Spacecraft could be made from strong and flexible materials based on mother of pearl

The next generation of aeroplanes and spacecraft could be made from materials inspired by seashells and pearls, according to researchers in Switzerland. By mimicking the structure of nacre, better known as mother of pearl, the scientists believe they can create strong and flexible components that are perfect for advanced aerospace applications. 

Some molluscs strengthen their shells with nacre and when a small piece of debris, such as a grain of sand, enters an oyster shell it gets coated with successive layers of nacre, forming a pearl. 


Source: © Science

The nachre-like material before it is coated with the biopolymer (right) and a close-up of the same material (left)

The iridescent material is made up of hexagonal plates of calcium carbonate, held together by conchiolin - a soft and flexible protein similar to that found in the structure of horn. This combination of brittle brick-like platelets and an elastic biopolymer makes the material strong but supple.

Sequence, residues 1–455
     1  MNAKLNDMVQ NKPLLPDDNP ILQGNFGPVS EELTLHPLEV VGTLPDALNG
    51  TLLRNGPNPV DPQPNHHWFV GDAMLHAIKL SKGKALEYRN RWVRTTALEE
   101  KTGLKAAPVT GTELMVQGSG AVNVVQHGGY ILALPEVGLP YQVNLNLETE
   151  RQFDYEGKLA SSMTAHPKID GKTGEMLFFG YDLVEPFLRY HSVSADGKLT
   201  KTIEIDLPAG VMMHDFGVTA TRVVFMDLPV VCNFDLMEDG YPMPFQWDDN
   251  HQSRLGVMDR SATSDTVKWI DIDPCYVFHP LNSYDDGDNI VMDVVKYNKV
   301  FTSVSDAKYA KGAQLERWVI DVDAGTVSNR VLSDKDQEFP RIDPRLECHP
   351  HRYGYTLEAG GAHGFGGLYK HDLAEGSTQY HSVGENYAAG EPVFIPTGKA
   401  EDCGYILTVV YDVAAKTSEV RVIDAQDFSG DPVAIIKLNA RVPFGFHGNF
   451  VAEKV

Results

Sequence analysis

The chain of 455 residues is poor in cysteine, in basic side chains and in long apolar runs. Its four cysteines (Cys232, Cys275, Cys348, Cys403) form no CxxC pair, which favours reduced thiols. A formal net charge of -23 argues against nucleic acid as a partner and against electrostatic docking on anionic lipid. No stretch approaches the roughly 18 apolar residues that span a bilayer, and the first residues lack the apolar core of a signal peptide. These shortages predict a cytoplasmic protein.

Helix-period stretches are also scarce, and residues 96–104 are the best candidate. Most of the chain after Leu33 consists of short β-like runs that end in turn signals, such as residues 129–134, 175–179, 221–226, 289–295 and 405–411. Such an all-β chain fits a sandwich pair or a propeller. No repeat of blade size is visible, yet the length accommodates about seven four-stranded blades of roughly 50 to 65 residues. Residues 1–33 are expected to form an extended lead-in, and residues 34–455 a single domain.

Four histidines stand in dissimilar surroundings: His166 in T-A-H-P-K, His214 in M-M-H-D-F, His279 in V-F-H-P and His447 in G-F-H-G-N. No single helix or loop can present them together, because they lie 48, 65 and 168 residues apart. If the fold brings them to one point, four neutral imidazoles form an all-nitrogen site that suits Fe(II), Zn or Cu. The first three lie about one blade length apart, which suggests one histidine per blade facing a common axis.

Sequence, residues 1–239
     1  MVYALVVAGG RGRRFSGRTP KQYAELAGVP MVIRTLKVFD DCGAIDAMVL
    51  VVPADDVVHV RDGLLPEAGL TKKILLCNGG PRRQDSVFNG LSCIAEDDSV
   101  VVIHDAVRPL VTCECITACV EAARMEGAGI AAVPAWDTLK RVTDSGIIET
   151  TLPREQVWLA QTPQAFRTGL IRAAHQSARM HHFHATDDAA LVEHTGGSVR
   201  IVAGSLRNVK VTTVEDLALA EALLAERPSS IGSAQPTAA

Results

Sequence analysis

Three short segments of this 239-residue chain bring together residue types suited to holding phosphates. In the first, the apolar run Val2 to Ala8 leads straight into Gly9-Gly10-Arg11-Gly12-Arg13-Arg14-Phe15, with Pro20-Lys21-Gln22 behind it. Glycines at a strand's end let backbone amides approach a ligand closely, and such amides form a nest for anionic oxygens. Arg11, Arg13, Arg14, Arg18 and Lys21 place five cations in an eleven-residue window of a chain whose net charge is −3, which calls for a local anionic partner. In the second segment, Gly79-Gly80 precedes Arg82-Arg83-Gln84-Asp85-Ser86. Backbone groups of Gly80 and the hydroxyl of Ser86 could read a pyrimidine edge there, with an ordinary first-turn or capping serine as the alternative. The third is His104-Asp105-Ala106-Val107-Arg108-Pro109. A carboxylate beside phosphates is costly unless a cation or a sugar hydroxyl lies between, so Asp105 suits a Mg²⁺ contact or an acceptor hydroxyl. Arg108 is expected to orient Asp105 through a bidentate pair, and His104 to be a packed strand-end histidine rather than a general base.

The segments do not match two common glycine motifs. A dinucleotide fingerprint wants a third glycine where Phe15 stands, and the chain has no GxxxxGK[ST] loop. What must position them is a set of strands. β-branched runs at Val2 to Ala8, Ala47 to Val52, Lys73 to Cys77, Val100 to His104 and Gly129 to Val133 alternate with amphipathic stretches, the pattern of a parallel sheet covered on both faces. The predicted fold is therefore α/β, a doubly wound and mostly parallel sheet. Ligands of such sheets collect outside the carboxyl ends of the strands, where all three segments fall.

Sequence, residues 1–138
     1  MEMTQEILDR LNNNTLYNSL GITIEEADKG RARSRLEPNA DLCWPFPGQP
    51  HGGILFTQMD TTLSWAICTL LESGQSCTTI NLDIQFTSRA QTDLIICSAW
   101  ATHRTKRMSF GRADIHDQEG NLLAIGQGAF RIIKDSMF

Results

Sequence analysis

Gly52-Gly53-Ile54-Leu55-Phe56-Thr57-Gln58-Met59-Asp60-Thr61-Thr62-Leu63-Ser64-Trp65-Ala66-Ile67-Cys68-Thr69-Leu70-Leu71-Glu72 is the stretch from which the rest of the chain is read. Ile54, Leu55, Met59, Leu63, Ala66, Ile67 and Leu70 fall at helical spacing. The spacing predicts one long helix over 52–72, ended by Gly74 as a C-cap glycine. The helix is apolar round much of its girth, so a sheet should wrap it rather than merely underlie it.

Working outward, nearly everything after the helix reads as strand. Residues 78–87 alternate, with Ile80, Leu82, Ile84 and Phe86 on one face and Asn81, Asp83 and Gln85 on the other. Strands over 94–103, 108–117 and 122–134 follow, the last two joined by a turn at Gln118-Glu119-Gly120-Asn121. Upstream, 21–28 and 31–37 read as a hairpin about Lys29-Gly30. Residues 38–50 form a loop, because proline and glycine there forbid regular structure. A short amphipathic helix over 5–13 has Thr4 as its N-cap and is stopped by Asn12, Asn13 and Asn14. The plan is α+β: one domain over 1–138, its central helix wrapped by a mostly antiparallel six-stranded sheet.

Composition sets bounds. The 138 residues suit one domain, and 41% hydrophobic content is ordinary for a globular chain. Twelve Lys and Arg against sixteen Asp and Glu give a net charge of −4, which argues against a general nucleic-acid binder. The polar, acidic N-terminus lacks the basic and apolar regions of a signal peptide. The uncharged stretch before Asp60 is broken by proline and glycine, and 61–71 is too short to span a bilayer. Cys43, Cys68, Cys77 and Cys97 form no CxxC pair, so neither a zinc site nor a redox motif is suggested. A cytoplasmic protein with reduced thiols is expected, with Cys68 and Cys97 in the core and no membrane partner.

Source: © Science

Microstructure of the artificial hybrid material

’Our idea was to copy nature’s design but without using the weak materials that nature is forced to use,’ said Andre Studart, who worked on the project at the ETH, Zurich. ’Over millions of years, nature has evolved to make remarkable materials with simple resources like calcium carbonate, but we have access to much more advanced materials.’

Studart’s team mimicked the structure of nacre with thin plates of aluminium oxide in place of calcium carbonate. This was then coated with chitosan, a cheap polymer derived from chitin, which makes up the shells of crustaceans. 

’The result is a platelet-reinforced nano-composite that is as strong as a pure ceramic but ductile and flexible like a polymer - two properties that are usually difficult to find in a single material,’ Studart said. 

Nicholas Kotov, an expert in nanocomposite materials at the University of Michigan, US, told Chemistry World: ’One of the central challenges in designing advanced materials is transferring the unique mechanical properties of nanoscale building blocks into macroscale materials. This study is an excellent example as the authors were able to retain the fairly high strength of the nanostructure and combine it with extensibility.’

Lewis Brindley